Imágenes de páginas
PDF
EPUB

of my sovereign, I counsel you to assist, with your attermost efforts, in preserving the peace, and upholding and perpetuating the constitution.

10. Therefore, I pray and I exhort you not to reject this measure. By all you hold most dear, by all the ties that bind every one of us to our common order and our common country, I solemnly adjure you, I warn you, I implore you, yea, on my bended knees, I supplicate you reject not this bill.

1 MIN'IS-TERS. Here, heads of the before magistrates as the ensiga

different departments of the gov of authority. ernment.

| 6 WOOL'SĂCK (wûl'-). The seat of the 1 ÂU-SPICIOUS. Favorable; prosper lord chancellor of England in the ous; fortunate.

House of Lords, being a large, 8 FRÅN'cıĮşe. A right reserved to | square bag of wool, without back

the people by the constitution; as, or arms, covered with red cloth. “the elective franchise.

7 JÜ'DI-CA-TŪRE. Court of justice; a SOF'FRAGE. Vote; right of voting. tribunal. 6 MĀCE. An ornamental staff carried 18 AL'IỆN-ĀTE (-yen-). Estrange.

CII.-— ODE TO THE SEA-SERPENT.

1. FROM what abysses of the unfathomed sea

Turnest thou up, Great Serpent, now and then,
If we may venture to believe in thee,

And affidavits' of seafaring men ?

2. What whirlpool gulf to thee affords a home?

Amid the unknown depths, where dost thou dwell! If — like the mermaid, with her glass and comb

Thou art not what the vulgar call a “sell.”

3. Art thou, indeed, a serpent, and no sham ?

Or, if no serpent, a prodigious* eel, —
An entity), though modified by flam“, -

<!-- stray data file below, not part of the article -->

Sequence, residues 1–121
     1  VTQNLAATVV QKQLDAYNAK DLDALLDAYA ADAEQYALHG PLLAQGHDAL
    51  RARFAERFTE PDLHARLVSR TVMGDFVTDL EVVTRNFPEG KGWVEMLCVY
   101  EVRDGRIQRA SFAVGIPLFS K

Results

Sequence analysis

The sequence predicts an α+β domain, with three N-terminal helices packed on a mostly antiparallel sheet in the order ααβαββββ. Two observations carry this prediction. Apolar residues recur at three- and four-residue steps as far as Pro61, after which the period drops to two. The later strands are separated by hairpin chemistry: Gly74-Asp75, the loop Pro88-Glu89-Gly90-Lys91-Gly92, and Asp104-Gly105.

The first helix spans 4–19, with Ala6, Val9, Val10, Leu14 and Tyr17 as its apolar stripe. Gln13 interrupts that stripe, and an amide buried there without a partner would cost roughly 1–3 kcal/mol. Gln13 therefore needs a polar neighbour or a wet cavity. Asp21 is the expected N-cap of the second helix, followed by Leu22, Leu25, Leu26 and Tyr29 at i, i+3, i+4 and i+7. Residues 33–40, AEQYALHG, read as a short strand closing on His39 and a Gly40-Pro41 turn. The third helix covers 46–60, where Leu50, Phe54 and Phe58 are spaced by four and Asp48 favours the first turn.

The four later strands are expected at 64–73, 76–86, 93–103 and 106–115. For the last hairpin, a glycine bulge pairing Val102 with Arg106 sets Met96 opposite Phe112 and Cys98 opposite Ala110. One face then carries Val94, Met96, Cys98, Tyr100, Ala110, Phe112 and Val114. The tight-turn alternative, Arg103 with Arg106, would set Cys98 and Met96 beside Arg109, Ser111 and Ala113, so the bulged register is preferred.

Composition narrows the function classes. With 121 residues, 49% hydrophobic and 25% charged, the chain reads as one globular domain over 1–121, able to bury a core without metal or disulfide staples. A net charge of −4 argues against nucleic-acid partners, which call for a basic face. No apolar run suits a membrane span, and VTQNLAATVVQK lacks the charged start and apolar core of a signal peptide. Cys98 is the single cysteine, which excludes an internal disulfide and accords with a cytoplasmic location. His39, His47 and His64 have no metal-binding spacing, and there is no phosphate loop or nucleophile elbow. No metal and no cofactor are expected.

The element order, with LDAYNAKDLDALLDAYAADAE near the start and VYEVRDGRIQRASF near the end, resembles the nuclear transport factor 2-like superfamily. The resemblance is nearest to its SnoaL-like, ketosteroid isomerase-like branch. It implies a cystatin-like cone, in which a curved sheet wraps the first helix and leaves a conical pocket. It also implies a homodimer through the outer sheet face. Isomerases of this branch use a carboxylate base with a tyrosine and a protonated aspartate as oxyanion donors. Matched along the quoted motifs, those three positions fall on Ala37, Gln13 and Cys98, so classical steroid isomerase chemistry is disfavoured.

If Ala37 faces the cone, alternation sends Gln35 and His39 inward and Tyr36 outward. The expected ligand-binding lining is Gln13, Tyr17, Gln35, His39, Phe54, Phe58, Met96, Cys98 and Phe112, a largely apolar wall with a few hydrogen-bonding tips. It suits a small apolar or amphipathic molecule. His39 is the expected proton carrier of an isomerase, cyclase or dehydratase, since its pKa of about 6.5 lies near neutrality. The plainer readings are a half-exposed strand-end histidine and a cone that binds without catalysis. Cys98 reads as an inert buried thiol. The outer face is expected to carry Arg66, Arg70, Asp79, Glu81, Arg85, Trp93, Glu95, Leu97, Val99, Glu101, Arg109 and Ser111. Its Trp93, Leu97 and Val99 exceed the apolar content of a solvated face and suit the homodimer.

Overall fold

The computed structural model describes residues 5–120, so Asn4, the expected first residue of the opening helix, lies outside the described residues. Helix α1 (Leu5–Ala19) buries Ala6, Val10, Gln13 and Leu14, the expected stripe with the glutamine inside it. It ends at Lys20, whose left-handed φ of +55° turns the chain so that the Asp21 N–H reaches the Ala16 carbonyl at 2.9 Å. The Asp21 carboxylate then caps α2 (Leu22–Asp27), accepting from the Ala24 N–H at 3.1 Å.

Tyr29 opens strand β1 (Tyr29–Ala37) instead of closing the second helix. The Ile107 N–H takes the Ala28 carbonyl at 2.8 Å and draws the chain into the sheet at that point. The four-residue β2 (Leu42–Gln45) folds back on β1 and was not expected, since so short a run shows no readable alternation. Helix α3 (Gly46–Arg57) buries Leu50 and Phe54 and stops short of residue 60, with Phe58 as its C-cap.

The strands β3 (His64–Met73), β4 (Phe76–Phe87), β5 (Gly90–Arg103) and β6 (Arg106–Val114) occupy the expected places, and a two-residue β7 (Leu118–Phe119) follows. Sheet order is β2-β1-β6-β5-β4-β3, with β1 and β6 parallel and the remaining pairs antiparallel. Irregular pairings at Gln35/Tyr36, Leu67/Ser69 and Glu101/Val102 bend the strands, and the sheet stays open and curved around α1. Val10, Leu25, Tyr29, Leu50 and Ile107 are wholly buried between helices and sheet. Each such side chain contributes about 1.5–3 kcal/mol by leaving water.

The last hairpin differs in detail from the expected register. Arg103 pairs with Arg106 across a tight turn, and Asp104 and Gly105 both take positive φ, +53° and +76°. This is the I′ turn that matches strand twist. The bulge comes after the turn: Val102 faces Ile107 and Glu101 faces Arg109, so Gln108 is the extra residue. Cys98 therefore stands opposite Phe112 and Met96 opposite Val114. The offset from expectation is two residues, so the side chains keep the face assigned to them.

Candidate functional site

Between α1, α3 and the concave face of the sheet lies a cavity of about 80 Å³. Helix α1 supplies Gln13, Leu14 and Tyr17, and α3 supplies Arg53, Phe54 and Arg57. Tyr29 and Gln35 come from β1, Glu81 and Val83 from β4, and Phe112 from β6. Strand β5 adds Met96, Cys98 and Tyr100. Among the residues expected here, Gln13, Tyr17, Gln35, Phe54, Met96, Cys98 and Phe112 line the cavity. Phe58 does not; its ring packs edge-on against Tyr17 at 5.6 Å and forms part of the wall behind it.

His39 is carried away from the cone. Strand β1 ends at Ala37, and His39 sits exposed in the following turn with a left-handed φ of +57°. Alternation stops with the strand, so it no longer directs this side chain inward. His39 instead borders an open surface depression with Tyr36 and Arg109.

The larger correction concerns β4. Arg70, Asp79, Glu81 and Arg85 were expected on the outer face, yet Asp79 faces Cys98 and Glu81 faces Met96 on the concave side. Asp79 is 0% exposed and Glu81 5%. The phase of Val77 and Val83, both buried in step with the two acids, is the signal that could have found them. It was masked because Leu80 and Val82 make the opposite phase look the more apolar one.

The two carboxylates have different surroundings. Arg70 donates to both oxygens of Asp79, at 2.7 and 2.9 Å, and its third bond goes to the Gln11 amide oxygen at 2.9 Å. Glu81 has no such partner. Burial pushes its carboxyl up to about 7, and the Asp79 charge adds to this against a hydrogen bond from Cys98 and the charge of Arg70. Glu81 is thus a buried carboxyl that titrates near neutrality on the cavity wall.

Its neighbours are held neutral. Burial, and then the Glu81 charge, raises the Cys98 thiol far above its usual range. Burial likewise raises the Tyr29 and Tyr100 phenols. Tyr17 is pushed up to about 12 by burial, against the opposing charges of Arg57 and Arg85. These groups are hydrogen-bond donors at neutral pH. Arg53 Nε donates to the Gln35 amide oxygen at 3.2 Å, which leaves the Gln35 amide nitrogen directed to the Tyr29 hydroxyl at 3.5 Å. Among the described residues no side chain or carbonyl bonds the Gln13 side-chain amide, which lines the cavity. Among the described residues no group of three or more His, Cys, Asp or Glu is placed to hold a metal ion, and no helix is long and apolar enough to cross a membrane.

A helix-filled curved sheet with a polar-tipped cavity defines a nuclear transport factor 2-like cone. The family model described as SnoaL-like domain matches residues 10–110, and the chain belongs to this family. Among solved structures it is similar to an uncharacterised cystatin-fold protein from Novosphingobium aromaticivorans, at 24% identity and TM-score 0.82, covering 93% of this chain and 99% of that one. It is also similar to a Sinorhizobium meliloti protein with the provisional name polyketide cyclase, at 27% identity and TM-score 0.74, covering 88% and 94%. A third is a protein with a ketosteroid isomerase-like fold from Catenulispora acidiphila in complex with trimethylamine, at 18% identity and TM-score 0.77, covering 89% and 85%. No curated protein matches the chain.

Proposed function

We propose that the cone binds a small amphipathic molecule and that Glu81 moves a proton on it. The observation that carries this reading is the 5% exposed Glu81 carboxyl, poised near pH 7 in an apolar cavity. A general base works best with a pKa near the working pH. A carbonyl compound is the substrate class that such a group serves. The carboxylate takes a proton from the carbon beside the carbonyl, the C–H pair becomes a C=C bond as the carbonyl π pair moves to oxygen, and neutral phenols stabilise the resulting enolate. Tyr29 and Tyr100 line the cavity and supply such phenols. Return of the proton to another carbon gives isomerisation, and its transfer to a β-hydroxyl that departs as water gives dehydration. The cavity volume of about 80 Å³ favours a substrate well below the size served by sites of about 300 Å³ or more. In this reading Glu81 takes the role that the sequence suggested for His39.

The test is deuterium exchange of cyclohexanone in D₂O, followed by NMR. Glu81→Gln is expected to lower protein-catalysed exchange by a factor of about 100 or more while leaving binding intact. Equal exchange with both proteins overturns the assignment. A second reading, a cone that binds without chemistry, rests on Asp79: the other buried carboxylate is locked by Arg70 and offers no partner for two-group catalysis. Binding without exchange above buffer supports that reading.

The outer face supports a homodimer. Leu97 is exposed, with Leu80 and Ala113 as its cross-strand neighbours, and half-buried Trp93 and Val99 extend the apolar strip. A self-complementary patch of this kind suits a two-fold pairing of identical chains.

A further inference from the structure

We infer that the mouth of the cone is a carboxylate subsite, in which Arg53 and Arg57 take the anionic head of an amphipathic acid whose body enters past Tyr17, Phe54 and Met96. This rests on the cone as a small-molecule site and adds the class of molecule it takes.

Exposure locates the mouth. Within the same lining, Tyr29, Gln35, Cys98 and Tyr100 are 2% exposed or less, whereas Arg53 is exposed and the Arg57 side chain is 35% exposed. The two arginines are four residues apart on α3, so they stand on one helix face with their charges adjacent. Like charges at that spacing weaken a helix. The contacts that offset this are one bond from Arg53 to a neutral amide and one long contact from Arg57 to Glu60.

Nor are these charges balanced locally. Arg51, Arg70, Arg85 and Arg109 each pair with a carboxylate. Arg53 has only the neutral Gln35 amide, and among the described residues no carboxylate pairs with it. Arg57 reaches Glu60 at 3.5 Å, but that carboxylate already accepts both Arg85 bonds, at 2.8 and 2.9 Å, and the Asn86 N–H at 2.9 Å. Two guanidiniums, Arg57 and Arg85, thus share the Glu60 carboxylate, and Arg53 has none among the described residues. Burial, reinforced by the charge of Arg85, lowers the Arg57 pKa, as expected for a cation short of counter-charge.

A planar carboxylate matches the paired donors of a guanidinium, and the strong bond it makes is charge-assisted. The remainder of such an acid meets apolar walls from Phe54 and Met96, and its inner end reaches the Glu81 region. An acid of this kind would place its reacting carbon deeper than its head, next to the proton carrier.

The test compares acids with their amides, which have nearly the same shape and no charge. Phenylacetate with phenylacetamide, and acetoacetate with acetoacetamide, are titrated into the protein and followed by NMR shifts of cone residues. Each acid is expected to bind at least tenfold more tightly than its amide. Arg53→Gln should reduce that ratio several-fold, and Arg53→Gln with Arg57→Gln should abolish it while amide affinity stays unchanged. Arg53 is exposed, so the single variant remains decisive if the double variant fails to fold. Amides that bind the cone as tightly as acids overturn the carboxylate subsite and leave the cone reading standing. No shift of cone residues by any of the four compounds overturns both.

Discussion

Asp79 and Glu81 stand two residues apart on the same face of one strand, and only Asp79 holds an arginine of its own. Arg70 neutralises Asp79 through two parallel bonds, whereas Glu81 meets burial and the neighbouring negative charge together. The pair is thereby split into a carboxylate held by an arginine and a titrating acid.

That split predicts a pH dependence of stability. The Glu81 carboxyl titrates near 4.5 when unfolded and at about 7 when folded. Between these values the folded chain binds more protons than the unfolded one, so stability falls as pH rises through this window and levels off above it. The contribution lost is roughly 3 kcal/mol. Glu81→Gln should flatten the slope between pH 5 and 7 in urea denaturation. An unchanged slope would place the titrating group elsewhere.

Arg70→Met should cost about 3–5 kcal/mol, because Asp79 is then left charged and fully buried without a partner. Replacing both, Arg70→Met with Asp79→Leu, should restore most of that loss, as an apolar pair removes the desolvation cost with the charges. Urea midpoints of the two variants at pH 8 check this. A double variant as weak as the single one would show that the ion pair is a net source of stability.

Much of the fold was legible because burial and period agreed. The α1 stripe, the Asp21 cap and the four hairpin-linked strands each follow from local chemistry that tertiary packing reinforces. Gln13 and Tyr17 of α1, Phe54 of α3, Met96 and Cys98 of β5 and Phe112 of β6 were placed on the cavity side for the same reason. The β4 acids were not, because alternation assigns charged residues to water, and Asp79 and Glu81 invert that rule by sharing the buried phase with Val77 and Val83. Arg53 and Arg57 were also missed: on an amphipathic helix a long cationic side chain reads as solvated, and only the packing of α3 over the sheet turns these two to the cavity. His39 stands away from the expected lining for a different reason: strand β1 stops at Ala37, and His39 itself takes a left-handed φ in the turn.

A basking-shark, or monstrous kind of seal ?

4. I'll think that thou a true ophidiano art;

I cannot say a reptile of the deep,
Because thou dost not play a reptile's part;

Thou swimmest, it appears, and dost not creep.

5. Art thou a giant adder, or huge asp,

And hast thou got a rattle at thy tail ?
If of the boa species, couldst thou clasp

Within thy folds, and suffocate, a whale ?

6. How long art thou ? — Some sixty feet, they say,

And more; but how much more they do not know: I fancy thou couldst reach across a bay,

From head to head, a dozen miles or so.

7. Scales hast thou got, of course ;- but what's the

weight?
On either side 'tis said thou hast a fin,
A crest, too, on thy neck, deponents state,

A saw-shaped ridge of flabby, dabby skin.

8. If I could clutch thee in a giant's grip,

Could I retain thee in that grasp sublime ? Wouldst thou not quickly through my fingers slip,

Being all over glazed with fishy slime ?

9. Hast thou a forkéd tongue, — and dost thou hiss

If ever thou art bored with Ocean's play?
And is it the correct hypothesis ?

That thou by gills or lungs dost breathe thy way?

10. What spines, or spikes, or claws, or nails, or fin,

Or paddle, ocean-serpent, dost thou bear?
What kind of teeth show'st thou, when thou dost grin ?
A set that probably would make one stare.

11. What is thy diet? Canst thou gulp a shoal 8

Of herrings ? Or hast thou the gorge and room To bolt fat porpoises and dolphins, whole,

By dozens, e’en as oysters we consume ?

12. Art thou alone, thou serpent, on the brine,

The sole surviving member of thy race ?
Is there ro brother, sister, wife, of thine,

But thou alone afloat on Ocean’s face ?

13. If such a calculation may be made,

Thine age at what a figure may we take ?
When first the granite mountain-stones were laid,

Wast thou not present there and then, old snake ?

14. What fossil saurians 1° in thy time have been ?

How many mammoths crumbled into mould ?